Culture

What Good Is Simplicity in Today’s America?

Photo by Gabriel Jimenez on Unsplash

Editor's Note:

Mark Sundeen is the author of several books, most recently The Unsettlers and The Man Who Quit Money, as well as the coauthor of North by Northwestern, which was a New York Times and Wall Street Journal bestseller. In this piece, Mark makes the case for living the simple life in today’s America.

When I wrote The Unsettlers, my nonfiction book about three families living in radical simplicity, I could not have predicted what would become of the United States. I feared that the subjects of my book, with their mistrust of government and their boycott of fossil fuels and their insistence on growing their own food, might be deemed Chicken Littles, fixated on America’s failures without appreciating its technological wonders and relative freedoms.

Now we are all unsettled, living under a regime that is not – as in the days of yore – corrupt and incompetent yet generally well-meaning. Rather, our tax dollars now enable an instrument of carnage: you and I tithe a portion of our daily wage for this barrage of official lies, constant threat of nuclear war, attacks on women and brown people, and the elimination National Monuments for more drilling and mining. Ours has become a rogue state that defies virtually every other nation on earth in denying that burning oil and gas is warming the planet and inviting catastrophe.

And so the question turns out to be not whether my subjects were overreacting but whether their type of resistance was enough. They were not devoting much time to calling their congressmen, organizing town halls, or flying to Washington to march. I was in Detroit staying at urban homestead owned by Greg Willerer and Olivia Hubert on the day of the Women’s March; when I asked if they were going, they hadn’t heard about it. They spent the afternoon sorting seeds for the coming spring.

But the Unsettlers are not dropouts who fled the problems wrought by our system of exploitative capitalism and structural racism. Rather, each of them began as some sort of activist, and evolved toward a life of radical simplicity in which nearly every waking act was one of resistance. For Steve and Luci at Lifeline Farms in Montana, growing and selling organic food defies and replaces the agribusiness that depends on the oil and chemical industries. For Greg and Olivia at Brother Nature Produce, homesteading in Detroit not only turned a wasteland into a garden, it built an independent viable black-owned business. And for Ethan and Sarah at the Possibility Alliance in Missouri, daily actions as simple as riding a bicycle instead of a car, milking a goat, praying with neighbors, or living by candlelight, are deeply considered resistance to a culture that values convenience and technology over spirit and community.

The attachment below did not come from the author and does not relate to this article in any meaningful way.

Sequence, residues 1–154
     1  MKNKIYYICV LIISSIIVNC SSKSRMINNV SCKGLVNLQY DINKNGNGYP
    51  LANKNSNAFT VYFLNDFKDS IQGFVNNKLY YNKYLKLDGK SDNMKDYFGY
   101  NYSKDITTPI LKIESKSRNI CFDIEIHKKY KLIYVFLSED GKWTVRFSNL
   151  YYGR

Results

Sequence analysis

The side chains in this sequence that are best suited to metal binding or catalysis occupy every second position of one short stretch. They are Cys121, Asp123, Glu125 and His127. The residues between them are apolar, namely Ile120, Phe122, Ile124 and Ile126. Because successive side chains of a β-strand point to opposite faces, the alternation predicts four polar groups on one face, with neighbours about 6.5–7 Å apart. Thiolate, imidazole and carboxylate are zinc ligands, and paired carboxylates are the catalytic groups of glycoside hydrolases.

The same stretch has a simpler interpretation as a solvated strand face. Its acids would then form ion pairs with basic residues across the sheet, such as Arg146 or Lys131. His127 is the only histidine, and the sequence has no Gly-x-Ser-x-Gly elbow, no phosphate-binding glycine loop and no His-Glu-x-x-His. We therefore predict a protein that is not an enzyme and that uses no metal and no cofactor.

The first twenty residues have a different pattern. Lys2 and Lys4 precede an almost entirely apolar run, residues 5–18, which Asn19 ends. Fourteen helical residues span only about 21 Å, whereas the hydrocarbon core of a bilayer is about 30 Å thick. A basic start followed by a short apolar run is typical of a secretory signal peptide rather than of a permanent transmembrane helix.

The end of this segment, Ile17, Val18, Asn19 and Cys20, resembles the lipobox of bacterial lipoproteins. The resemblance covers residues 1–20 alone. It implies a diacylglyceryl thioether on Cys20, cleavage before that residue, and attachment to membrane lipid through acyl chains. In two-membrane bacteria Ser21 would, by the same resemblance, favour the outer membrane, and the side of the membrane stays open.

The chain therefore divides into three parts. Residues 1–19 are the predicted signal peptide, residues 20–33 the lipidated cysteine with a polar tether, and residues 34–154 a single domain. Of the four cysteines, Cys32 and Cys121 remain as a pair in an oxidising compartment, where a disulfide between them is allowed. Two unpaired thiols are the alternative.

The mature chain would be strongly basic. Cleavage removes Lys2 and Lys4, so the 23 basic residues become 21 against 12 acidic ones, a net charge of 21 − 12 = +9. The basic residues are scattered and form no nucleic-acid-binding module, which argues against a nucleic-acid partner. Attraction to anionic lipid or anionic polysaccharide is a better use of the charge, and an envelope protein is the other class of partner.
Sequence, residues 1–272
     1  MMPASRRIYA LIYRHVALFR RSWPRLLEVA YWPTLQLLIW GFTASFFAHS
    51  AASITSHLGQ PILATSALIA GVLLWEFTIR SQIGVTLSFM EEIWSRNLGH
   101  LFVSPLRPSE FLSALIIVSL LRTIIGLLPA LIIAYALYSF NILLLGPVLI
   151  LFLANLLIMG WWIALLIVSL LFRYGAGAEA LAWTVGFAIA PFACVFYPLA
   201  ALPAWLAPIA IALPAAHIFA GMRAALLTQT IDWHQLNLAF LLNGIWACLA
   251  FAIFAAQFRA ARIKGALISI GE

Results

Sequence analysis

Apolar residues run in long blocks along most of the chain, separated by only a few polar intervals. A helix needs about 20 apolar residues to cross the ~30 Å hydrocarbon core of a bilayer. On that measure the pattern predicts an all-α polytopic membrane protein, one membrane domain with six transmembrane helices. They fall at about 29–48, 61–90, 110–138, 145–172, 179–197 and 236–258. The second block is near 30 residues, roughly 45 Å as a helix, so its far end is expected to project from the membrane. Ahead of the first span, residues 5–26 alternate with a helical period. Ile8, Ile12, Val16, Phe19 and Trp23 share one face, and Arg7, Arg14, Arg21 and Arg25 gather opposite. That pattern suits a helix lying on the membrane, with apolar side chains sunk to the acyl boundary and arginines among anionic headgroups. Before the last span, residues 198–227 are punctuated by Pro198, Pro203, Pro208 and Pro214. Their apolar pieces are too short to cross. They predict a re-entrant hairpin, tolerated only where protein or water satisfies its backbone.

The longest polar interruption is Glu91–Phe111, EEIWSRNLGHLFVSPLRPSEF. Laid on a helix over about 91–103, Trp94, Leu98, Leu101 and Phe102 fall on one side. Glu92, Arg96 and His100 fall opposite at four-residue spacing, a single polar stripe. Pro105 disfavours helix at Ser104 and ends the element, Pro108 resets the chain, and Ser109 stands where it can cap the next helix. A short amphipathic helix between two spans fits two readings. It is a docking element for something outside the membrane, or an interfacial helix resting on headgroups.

But is it enough, in the era of Trump, to just stop using gasoline and eating Big Macs? Don’t we also have to sign those petitions and make those phone calls and rally in the streets? The Unsettlers do both, not striving merely for internal purity but reshaping the world around them. The Possibility Alliance trains hundreds of nonviolent activists who make their way to the front lines at places like Ferguson and Standing Rock. Greg and Olivia’s farm is part of a broad tapestry of community organizing – seeding other farms, business networks, schools – to combat the effects of decades of racism and neglect on Detroit. And Lifeline has been on the vanguard of food justice for thirty years, reminding its neighbors and customers that eating local is not a trendy fad but a strike for human-scale economy over corporate servitude.

For myself, I found that the past year’s minute-by-minute online orgy of outrage did not compel me to right action; it left me anxious and hopeless. What’s more, full-time activism is hard on the body and soul. In these toxic times, maintaining our sanity and our families is both important and difficult. And there’s a certain crazy-making in the belief that we can stop climate change by spending more and more hours plugged into electronic devices that burn carbon.

What’s required for deep resistance is the spiritual resolve that our actions are right. If such a product is for sale online, I haven’t yet found it; if you come across it, please forward me the link. Until then, I propose that such courage is earned through a sort of monastic habit: simplicity, prayer, love, meditation, fasting, working with the hands, tending to plants and animals. Remember that the world’s greatest practitioners of civil disobedience, from the Quakers and abolitionists, to Tolstoy and Gandhi, to Martin Luther King to Malcolm X, were not just political protestors, but deeply religious seekers. Putting the inner house in order is not some task to be performed in addition to outward action; it’s the very basis of that resistance.